Write a C++ program to calculate the area of circle, rectangle and square using function overloading.

As given in the program definition, we have to find area using function overloading.

C++ allows us to have multiple definitions of same name function in same scope but their signature must be different, is known as Function Overloading.

## Tutorial 📺

Watch the tutorial to understand how to solve this problem. 😇

## Steps 🪜

1. Declare and define 3 definition of area() function to calculate the area of circle, rectangle and square.
2. In Circle’s area() function, display a message to ask user to input radius of circle. Next, display the area of circle, after accepting the radius of circle.
3. Square’s area() function should take an argument of floating point type and simply displays the area of square based on the accepted argument.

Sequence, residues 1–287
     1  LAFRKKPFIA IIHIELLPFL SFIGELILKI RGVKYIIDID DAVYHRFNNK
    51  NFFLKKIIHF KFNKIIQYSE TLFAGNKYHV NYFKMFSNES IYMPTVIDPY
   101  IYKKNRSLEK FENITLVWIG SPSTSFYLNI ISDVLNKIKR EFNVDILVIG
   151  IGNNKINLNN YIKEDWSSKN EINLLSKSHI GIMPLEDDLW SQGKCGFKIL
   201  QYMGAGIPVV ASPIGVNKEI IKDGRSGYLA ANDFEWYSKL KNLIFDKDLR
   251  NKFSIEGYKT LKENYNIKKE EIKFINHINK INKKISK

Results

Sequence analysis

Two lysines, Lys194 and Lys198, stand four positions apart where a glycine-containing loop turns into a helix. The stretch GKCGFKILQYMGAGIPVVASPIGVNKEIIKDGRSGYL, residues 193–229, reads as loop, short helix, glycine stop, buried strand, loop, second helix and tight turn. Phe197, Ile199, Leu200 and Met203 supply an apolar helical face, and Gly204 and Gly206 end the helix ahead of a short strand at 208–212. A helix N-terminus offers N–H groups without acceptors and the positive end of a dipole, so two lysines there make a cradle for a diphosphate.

4. Rectangle’s area() function should take two arguments of floating point type and display the area of rectangle based on the accepted arguments.
5. In main() function, simply call the area() functions to find the area of circle, rectangle and square.

## Code 💻

``````#include <iostream.h>
#include <conio.h>

// Area of Circle
void area()
{
float r = 0;
cin >> r;
cout << "\nArea of Circle: " << 3.14 * r * r << endl;
}

// Area of Square
void area(float s)
{
cout << "\nArea of Square: " << s * s << endl;
}

// Area of Rectangle
void area(float l, float w)
{
cout << "\nArea of Rectangle: " << l * w << endl;
}

/*
NOTE: Some compilers may not support clrscr() and getch() functions.
In that case, comment them.
*/

void main()
{
clrscr();
area(); // Circle
area(2.0f); // Square
area(2.0f, 3.0f); // Rectangle
getch();
}``````

## Output 😍

In above code, the user will be asked to enter the radius of circle. Let’s assume, the user enters 3 and the output will be displayed as:

``````Please enter the radius: 3

Area of Circle: 28.26

Area of Square: 4

Area of Rectangle: 6``````

This is how we calculate the area of circle, rectangle and square using function overloading in C++.